The hands-on work was invaluable, and we also got our questions answered on such home improvement concepts I want to do as:
- add a tile top to an Ikea table
- lay tile on top of tile (you're going DOWN, cheapass fugly bathroom floor!)
- create a tile backsplash
- create a tiled flooring area (one of the "next year" projects is to essentially tile a permanent area inside the house doors to act as welcome mat and dirt catcher)

The project was described in the brochure as a "hotplate" - it's really more of a large blunt instrument by the time you get the weight of wood, cement board backing, and all that tile and grout. Mine is obviously novice work and my notions of freeform Arts and Crafts designs suck.. but y'know what? It's still a competent piece of work. )

I'm seriously kicking around the idea of the next class being one on glass painting. (We decorate, oven cure, and bring home a pitcher.) The only downside is that it's in the morning of a work day, but I could get to work after.

Heck, since it's a July class, keeping the thing in my car after work would probably count as oven-curing right there. The killing heat has come.
neadods: (kbo)
So. You've been hearing a lot about the library renovation. Want to see it?

First, I had to strip everything out of the library (a huge endeavor; you'll soon see why) AND everything out of the side hall (which was lined in bookshelves) AND everything out of the back hall, including the hall closet.

This is when I started losing my mind and wigging out. Especially because as a result, the living room looked like this )

My bedroom still looks like this. We shall not speak of it.

The side hall has a kickline of folding iron DVD racks in it. )

The before pictures were taken after I started clearing out stuff - which gives you some idea of the original horror, actually. There is only a tiny bit of the dreaded beige visible, but look at how lovely that wood in the after shots is!

Wall of Books )

From the side hall )

I don't have a before shot taken from the kitchen to the front wall, but I've got a really nice after shot )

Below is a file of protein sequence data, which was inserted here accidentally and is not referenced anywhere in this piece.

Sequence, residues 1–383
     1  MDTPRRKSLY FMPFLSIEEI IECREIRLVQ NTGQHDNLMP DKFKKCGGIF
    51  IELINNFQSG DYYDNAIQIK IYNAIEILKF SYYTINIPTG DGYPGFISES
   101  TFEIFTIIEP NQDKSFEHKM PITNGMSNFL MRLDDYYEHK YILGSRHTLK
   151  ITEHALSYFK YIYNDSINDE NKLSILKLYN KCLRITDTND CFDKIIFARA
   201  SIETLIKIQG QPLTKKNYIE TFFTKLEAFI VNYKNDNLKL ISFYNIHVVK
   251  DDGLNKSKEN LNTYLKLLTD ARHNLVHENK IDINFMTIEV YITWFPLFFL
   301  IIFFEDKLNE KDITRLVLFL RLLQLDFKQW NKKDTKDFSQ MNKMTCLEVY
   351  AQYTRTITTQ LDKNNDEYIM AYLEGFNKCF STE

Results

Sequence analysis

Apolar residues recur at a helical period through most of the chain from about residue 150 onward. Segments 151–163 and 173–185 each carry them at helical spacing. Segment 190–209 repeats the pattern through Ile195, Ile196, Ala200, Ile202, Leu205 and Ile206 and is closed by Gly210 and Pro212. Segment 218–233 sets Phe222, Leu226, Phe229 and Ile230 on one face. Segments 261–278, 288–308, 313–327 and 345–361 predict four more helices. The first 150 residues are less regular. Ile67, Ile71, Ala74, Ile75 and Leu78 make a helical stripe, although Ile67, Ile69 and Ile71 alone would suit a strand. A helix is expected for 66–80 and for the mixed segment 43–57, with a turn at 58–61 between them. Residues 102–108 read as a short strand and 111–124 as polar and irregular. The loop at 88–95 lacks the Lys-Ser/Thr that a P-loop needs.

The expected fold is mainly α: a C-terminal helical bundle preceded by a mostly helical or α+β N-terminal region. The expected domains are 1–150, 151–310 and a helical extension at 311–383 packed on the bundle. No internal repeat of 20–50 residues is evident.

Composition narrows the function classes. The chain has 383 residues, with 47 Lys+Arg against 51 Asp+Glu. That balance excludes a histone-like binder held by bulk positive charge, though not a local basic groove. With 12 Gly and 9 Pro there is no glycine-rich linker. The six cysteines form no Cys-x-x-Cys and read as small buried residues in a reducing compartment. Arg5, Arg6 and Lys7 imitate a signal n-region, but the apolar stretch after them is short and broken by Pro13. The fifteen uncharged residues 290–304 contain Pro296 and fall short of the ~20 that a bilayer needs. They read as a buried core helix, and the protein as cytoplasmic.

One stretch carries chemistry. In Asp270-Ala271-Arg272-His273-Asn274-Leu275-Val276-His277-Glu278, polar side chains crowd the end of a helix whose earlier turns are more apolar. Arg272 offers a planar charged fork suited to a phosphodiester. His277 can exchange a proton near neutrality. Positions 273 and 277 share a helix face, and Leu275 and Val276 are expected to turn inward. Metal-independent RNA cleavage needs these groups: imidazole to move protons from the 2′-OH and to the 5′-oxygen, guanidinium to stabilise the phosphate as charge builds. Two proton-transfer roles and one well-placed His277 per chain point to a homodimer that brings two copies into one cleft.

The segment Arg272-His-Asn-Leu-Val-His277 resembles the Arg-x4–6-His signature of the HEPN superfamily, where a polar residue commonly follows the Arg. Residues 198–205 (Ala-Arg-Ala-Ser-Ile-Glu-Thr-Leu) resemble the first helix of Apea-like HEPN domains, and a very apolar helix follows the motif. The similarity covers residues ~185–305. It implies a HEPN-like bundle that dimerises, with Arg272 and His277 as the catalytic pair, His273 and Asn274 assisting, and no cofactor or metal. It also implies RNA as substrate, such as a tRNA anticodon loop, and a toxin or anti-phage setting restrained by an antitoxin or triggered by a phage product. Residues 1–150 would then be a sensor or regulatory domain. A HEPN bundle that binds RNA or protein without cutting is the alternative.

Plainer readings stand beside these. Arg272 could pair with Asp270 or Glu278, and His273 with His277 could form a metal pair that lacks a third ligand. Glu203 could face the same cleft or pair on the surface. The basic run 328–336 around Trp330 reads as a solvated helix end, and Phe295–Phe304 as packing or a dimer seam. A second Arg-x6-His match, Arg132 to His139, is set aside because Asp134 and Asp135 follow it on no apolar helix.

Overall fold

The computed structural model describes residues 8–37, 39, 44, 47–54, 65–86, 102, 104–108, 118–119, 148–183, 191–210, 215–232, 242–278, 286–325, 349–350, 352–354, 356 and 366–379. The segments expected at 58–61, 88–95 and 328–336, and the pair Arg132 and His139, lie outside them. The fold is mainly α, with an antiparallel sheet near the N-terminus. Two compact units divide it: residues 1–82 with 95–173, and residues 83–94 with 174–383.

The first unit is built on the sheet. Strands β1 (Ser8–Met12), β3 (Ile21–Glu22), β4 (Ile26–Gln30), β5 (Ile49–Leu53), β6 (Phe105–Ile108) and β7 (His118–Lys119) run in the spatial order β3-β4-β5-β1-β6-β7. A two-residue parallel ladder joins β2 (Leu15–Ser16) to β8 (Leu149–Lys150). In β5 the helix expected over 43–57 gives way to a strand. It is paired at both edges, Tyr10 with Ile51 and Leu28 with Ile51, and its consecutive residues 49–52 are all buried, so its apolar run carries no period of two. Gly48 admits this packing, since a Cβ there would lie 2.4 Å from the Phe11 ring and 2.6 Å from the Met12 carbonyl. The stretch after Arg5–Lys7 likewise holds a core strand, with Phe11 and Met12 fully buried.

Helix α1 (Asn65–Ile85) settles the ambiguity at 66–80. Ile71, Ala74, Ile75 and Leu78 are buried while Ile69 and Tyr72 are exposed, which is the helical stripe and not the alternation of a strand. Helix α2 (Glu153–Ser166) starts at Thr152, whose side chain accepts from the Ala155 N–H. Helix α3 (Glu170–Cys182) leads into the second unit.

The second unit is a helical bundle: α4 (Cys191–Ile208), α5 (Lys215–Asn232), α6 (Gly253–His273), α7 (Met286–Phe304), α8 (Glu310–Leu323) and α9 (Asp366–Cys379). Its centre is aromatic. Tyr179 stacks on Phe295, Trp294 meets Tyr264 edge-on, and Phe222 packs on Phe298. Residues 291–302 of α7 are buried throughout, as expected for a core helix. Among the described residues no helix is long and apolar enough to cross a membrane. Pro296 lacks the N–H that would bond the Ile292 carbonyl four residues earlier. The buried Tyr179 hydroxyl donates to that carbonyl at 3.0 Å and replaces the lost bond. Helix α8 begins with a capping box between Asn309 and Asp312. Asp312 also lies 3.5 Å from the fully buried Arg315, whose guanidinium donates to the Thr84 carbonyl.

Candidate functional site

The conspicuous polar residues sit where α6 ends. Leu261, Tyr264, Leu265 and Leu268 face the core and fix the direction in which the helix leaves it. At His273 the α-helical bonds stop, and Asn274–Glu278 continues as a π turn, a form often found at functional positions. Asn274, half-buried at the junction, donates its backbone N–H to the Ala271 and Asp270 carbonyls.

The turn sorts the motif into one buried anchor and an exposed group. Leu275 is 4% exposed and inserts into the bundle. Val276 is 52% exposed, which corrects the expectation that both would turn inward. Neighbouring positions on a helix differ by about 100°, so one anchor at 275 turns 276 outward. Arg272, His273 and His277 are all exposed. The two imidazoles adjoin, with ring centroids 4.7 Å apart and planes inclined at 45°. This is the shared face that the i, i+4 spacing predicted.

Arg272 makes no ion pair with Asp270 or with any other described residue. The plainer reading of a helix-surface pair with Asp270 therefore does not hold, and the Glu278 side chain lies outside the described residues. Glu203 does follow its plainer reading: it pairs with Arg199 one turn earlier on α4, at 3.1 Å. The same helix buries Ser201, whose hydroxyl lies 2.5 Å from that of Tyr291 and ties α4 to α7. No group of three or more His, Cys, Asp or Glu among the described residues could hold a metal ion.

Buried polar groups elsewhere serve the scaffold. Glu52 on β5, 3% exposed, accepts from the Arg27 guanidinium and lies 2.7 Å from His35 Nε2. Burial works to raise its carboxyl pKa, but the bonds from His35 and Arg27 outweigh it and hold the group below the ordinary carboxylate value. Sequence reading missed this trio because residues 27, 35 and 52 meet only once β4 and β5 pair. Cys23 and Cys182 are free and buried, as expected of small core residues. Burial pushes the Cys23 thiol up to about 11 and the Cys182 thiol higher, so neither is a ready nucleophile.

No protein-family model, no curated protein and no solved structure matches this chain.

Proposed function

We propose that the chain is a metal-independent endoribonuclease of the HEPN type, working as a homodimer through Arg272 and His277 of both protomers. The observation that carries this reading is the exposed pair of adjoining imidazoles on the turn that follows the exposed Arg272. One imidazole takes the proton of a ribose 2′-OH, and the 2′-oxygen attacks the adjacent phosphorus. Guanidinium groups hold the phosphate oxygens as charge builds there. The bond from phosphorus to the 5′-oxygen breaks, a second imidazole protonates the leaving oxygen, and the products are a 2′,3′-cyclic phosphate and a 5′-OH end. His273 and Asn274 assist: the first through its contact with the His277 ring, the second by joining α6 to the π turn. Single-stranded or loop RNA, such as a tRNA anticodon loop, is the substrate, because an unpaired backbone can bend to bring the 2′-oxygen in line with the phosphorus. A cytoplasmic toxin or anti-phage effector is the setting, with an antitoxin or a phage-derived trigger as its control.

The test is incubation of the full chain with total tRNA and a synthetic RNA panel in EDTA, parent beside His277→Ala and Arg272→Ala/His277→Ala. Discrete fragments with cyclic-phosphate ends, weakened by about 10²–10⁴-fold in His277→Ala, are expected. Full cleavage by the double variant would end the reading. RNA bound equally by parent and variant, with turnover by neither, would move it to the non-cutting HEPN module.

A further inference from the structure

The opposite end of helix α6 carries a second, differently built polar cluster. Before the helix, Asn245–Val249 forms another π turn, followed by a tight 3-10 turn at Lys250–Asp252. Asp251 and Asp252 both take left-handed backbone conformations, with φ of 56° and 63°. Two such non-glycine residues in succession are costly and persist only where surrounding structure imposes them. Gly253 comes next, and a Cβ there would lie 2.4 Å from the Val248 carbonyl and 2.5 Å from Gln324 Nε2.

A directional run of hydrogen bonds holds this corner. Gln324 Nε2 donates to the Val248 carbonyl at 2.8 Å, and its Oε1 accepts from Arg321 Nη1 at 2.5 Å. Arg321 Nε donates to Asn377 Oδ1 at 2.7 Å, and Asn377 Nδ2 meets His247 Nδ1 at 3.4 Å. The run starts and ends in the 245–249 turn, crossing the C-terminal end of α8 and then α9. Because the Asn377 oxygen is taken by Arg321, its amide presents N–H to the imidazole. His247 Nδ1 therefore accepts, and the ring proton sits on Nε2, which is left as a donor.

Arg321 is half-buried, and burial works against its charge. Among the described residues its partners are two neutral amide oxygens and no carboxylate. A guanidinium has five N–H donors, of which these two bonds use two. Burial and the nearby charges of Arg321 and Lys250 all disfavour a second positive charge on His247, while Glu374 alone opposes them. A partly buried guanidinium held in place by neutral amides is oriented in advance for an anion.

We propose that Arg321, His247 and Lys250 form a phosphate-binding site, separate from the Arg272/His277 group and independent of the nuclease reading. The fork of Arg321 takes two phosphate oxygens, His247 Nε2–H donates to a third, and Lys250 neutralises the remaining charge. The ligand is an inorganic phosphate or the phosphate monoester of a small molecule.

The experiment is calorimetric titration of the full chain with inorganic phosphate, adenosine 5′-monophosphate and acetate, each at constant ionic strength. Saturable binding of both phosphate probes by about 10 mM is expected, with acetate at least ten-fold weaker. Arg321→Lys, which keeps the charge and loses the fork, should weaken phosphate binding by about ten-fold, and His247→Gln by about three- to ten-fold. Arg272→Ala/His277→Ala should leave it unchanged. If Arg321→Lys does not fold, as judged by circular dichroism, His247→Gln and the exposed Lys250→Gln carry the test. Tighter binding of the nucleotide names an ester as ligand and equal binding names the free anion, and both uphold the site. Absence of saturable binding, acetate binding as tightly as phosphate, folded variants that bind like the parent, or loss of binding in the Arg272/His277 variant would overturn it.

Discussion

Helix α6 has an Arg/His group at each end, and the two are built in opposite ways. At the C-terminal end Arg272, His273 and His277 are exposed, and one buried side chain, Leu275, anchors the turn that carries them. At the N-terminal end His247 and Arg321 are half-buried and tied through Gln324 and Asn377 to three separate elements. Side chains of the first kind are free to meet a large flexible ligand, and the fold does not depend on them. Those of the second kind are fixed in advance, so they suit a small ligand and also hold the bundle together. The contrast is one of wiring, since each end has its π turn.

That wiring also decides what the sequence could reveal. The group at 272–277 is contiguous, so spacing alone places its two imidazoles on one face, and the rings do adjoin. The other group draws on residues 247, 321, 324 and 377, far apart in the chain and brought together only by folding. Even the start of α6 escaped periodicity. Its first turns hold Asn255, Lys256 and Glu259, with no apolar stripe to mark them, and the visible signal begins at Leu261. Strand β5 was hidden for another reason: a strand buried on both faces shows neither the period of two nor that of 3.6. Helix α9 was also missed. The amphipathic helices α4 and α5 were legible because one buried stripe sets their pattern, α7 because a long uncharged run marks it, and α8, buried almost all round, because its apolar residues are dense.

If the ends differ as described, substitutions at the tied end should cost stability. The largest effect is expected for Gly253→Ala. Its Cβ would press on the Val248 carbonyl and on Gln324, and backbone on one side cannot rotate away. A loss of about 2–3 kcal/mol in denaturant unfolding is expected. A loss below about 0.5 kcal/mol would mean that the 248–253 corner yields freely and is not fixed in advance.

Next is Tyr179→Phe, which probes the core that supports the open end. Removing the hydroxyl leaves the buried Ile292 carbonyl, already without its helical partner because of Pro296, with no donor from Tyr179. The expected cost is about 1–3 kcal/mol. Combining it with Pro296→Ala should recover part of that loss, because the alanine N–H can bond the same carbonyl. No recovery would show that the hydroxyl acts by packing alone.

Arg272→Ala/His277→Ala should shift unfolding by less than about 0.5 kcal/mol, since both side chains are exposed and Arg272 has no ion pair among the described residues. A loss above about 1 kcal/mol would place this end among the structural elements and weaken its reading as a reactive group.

Next up, I need to figure out curtains and hang this stained glass in the front window over the chair )

Gratuitous cat picture )

The living room gets done in August. It gets painted as well as refinished & refurnished.

DIY Post

Nov. 13th, 2010 09:23 pm
neadods: (Default)
There's been a long pause in the DIY/house renovation posts, mostly because I stopped working on it, except for finding (at last count) about 4 ways I can't do the bathroom detail work.

Turns out I suck at making stencils. Also, that neither housepaint nor acrylic paint is particularly good for fine-line covering work.

So, reboot. The new design for the bathroom drawers is this, turned on its side and evened up. At the same time I do that, I want to buy a mirror with a white frame - I've seen it in Target - and paint the frame to match. I'm probably going to use the same framework throughout the house in place of the more convoluted art I wanted - it's simple to mask out with tape

As for decorative decal work and phrases, I'm heading to Wallwords. Not cheap, but it'll be *right.*

Speaking of not cheap, I have contractor estimates for the floors and the painting. The floors aren't happening anytime soon; the painting isn't happening at all, at least not with that contractor. (There's still one local guy to call.) I'm not paying someone else $600 for what I can do for $60.

The year of "taking off" to deal with the house will be officially over in two weeks. The actual work on the house... is going to take at least another year. Feh.
neadods: (Default)
As promised a while ago, illustrated instructions on how to fix a pinhole leak )

There are probably going to be more DIY posts coming up, as the first estimate for repainting the hall was higher than I'm willing to go and the first estimate for repainting the kitchen was completely out of my league. Unless the second contractor is more reasonable, it's still going to be me, myself, and I doing the work...
neadods: (clean)
... is that occasionally it just doesn't pay off. I've just spent an hour repainting the bathroom vanity and now it looks worse.

Fuck paint. I'm gonna wallpaper that bitch.
neadods: (kbo)
Perfect: Picking exactly the right drywall for the patch, putting in the patch, and mudding/sanding/mudding/sanding for days until the patch can't be seen at all.

Good (enough): Picking the smaller piece of drywall because it fits in your damn car even if it's a quarter inch thicker than the rest of the wall, putting in the patch (THANK YOU, [ profile] fandance's EX, I COULD NOT HAVE DONE IT WITHOUT YOU), mudding, sanding, and mudding the second time with your hands, smushing it around until it looks relatively smooth from arm's length. The edges will get sanded again tomorrow and painted.

Perfect, no. Functional, yes. Shower in my own damn bathroom by Tuesday, oh HELL yes!

I wanted so much to show you all of its Art Nouveau wonder, [ profile] jennetj, but at this point, I'm just going to promise you a functional shower, toilet, and mirror. Oh, and clean. I *will* get it clean!